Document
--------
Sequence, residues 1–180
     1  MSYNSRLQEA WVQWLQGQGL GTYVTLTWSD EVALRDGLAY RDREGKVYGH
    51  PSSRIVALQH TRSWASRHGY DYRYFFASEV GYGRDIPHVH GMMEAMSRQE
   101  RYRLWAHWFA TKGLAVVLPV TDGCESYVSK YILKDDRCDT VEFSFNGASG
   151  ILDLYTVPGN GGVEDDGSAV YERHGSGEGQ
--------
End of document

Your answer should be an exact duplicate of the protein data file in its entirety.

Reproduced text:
Sequence, residues 1–180
     1  MSYNSRLQEA WVQWLQGQGL GTYVTLTWSD EVALRDGLAY RDREGKVYGH
    51  PSSRIVALQH TRSWASRHGY DYRYFFASEV GYGRDIPHVH GMMEAMSRQE
   101  RYRLWAHWFA TKGLAVVLPV TDGCESYVSK YILKDDRCDT VEFSFNGASG
   151  ILDLYTVPGN GGVEDDGSAV YERHGSGEGQ